step on his road to world domination instalment in his ongoing Scythes of the Emperor arc, LJ Goulding’s audio drama Daedalus is a tense, breathless hour of aerial Space Marine action. Named for a particular Tyranid Hive Ship, its sees an under-strength assault squad embark on a dangerous mission to rescue a stranded apothecary and, more importantly, the geneseed he’s protecting. Still reeling from their losses at Sotha and Miral, the Scythes’ highest priority is to protect their precious stocks of remaining geneseed, but with so few brothers remaining they can only spare a handful for this risky mission.
In Slaughter at Giant’s Coffin Goulding focused on the psychological impact that the Scythes’ losses were having on the chapter, but here things are simpler. It’s a straightforward (albeit dangerou) mission – get in, get the objective and leave – and it provides an opportunity to see the Scythes taking it to the Tyranids a little. The fragility of their survival plays still plays a big part, inspiring them to great risks and heroic acts, but there’s less of the intrigue and mystery here. It’s an exciting, action-packed story, with large chunks taking place in the air as jump pack-equipped Scythes battle against winged Tyranids. What’s not to like about that?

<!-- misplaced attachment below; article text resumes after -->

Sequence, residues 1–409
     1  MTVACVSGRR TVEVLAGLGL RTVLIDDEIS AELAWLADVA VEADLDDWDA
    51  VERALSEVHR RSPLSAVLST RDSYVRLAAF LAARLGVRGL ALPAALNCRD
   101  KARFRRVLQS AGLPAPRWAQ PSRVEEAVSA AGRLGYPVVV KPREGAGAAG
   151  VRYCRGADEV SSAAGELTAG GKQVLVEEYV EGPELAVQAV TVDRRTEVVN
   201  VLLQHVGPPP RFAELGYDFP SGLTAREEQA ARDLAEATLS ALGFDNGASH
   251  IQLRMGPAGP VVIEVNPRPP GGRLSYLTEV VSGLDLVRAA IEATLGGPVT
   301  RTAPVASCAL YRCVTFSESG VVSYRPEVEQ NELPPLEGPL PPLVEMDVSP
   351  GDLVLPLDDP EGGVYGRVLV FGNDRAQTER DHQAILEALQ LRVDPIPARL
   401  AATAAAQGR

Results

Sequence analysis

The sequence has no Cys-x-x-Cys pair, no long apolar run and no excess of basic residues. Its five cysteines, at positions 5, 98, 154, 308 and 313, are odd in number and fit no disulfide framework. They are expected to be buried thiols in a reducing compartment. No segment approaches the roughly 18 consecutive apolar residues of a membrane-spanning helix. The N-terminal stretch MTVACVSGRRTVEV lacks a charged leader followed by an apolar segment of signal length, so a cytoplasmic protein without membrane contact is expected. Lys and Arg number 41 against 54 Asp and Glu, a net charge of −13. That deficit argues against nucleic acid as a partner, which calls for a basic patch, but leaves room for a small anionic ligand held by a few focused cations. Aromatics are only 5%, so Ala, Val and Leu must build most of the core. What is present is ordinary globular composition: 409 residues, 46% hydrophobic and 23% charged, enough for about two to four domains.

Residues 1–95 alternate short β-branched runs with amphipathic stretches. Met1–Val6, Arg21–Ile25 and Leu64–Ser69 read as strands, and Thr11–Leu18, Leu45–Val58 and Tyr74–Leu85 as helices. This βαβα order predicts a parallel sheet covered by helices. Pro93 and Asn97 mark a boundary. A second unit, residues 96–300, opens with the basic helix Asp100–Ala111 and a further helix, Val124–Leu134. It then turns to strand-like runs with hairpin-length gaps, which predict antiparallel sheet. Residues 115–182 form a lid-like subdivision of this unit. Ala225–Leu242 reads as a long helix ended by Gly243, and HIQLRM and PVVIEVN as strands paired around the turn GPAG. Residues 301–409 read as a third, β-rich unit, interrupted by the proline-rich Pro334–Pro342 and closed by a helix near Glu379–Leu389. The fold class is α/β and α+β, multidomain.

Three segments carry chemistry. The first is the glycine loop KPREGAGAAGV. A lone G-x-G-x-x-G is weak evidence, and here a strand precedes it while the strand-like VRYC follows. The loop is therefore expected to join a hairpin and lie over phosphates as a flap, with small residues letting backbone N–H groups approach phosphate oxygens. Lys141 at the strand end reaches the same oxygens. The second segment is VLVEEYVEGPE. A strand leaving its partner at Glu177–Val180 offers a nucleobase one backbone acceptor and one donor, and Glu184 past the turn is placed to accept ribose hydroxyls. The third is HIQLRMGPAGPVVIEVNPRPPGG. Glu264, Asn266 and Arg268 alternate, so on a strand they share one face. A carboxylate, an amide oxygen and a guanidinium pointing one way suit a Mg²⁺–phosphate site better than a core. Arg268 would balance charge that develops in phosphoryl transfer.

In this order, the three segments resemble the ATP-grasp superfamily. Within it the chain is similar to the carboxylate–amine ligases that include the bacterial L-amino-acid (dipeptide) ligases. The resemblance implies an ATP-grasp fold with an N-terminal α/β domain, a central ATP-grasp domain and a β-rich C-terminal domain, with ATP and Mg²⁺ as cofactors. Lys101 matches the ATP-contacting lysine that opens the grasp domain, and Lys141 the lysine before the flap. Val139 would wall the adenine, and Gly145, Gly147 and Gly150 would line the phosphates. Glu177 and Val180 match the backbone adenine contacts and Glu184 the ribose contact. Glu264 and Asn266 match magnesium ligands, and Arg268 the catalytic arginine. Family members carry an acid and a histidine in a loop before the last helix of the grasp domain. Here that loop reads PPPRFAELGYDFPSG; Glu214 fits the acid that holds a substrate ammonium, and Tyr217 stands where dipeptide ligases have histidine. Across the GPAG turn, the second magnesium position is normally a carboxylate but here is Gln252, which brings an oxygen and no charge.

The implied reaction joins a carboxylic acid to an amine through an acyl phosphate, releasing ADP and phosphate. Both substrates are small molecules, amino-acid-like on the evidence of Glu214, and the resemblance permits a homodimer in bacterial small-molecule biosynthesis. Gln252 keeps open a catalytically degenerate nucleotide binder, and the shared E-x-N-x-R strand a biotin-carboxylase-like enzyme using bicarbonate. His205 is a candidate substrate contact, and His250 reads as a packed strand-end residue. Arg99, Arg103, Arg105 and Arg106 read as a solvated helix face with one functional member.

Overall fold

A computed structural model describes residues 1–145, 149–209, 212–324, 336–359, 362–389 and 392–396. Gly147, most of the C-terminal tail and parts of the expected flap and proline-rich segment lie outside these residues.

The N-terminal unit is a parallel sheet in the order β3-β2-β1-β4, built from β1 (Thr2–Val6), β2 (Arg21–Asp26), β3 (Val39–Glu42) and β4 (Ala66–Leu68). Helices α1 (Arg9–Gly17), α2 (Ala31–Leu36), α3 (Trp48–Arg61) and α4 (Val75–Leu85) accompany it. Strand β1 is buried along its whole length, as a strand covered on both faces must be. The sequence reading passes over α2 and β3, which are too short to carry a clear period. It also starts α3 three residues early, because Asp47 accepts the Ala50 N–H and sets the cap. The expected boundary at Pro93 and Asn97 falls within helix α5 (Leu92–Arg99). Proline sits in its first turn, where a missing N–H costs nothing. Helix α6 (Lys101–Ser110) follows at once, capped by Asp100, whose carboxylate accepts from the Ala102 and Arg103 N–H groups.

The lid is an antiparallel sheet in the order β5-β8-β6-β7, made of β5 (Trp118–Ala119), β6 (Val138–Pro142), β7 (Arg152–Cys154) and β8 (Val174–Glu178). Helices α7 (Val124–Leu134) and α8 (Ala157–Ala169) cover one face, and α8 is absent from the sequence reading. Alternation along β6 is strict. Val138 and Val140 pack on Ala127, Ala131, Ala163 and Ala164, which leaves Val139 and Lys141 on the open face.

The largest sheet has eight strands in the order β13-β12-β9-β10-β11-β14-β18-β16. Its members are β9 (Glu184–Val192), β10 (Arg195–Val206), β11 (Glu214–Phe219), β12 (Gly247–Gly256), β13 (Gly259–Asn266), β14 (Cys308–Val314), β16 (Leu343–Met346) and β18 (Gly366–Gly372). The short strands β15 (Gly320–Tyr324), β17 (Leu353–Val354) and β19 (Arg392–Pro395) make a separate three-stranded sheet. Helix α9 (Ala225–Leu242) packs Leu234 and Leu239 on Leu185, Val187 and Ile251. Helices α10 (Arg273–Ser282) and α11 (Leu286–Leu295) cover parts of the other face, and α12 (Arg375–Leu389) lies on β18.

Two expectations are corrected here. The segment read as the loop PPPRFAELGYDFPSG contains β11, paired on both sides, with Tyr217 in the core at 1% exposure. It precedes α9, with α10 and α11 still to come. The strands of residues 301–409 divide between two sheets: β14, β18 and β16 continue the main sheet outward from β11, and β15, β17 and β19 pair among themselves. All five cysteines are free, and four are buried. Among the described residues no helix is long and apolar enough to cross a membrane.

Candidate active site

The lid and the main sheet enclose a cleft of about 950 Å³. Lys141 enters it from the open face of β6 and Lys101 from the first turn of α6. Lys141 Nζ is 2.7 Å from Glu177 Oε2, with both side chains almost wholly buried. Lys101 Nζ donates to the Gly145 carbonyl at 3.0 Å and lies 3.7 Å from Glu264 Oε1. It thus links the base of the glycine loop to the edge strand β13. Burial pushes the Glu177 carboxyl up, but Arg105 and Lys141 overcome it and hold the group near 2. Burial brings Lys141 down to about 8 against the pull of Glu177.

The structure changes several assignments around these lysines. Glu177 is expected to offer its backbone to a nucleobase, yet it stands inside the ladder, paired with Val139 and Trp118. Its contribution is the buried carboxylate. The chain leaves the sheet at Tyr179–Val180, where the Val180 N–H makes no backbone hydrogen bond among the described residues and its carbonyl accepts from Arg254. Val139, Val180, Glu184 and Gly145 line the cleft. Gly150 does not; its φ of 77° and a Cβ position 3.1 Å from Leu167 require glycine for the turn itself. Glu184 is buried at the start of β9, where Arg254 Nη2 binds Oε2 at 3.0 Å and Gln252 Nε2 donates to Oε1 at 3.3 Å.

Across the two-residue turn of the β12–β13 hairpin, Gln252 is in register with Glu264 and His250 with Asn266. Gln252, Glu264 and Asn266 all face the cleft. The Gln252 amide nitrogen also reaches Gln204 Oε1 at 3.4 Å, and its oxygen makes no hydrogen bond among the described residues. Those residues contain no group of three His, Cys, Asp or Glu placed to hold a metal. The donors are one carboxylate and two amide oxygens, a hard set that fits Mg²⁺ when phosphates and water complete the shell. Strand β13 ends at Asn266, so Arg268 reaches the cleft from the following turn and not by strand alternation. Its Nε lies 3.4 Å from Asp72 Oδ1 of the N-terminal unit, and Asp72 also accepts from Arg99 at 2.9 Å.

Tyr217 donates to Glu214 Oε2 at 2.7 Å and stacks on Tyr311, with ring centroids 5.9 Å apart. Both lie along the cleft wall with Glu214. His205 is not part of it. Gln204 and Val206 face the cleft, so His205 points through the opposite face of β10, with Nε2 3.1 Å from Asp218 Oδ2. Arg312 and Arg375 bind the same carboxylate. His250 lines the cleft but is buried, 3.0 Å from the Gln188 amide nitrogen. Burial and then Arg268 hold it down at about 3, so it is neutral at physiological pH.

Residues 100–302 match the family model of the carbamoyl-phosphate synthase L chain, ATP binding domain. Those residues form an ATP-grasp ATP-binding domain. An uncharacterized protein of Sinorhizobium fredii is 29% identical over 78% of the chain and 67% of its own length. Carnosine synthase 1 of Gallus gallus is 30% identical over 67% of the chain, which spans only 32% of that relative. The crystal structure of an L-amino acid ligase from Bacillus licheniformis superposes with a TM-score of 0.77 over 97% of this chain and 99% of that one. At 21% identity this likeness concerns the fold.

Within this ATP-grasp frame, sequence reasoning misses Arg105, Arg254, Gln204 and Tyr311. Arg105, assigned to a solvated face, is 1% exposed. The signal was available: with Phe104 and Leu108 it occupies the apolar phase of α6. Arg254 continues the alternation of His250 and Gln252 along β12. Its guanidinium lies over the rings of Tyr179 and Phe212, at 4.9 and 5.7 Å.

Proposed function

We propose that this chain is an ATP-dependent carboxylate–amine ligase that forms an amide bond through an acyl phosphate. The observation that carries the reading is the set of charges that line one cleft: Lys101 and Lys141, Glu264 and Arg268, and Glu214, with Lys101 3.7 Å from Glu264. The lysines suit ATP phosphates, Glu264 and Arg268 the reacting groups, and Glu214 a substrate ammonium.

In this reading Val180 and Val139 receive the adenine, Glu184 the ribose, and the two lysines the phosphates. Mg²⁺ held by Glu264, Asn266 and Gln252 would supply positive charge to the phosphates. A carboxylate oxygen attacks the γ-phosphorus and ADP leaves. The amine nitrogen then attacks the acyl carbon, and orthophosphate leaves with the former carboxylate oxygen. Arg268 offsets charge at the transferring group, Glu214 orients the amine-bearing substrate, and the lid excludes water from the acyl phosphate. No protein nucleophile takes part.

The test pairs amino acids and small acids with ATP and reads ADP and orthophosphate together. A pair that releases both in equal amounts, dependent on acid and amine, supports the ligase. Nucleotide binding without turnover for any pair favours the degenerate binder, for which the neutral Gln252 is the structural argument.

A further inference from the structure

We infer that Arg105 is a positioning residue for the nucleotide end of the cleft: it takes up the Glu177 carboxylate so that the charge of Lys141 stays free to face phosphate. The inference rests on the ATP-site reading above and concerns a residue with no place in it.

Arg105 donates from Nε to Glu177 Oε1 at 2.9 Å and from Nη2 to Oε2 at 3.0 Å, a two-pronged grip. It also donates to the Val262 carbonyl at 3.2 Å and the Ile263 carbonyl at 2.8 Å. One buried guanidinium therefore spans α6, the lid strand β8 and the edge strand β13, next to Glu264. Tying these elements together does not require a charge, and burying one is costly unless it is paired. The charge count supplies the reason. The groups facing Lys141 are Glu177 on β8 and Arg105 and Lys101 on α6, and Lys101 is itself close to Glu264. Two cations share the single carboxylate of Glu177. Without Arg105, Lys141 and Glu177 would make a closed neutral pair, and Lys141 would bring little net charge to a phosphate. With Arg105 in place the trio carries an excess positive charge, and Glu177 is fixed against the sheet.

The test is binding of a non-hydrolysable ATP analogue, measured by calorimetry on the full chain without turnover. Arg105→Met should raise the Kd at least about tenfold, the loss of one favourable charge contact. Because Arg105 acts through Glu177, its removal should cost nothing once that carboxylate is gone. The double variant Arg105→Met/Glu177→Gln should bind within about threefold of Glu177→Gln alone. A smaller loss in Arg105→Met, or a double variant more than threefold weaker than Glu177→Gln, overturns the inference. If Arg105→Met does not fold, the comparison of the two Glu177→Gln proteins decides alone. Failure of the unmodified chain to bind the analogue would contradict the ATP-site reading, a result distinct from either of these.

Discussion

As you might expect, there are subtle links to previous Scythes stories, most obviously to Slaughter at Giant’s Coffin and the micro-short Terminal Velocity though you might also spot a familiar character from Richard Williams’ Orphans of the Kraken. There’s not much time for the characters to develop, but in amongst the exhilarating rush of jump packs and burning flyers it doesn’t really matter. It’s enough to know that Brother Esau, for example, is only newly raised beyond a neophyte but no less brave or capable for that fact. When he’s fighting huge Tyranid flyers in mid-air, the excitement and tension is more than enough to provide suitable entertainment.
It goes without saying that the standard of the audio elements is outstanding. The seven-strong voice cast, familiar names (and voices) all, put in their usual excellent performances, but it’s the atmospheric sound effects that really stand out, the work of producer Matt Renshaw and (I assume) sound designer Howard Carter. Setting an audio drama mostly in mid-air is the sort of obvious idea that’s only obvious because of how good the sound design has got with these productions – suffice to say it’s incredibly absorbing, and if you listen on decent headphones with your eyes closed you’re entirely transported into the thick of the action. Whether you’re a Scythes fan or not, this is hugely entertaining and should be very close to the top of your list to listen to.
One final note – if you haven’t read Terminal Velocity, do yourself a favour and check it out once you’ve listened to this. Trust me.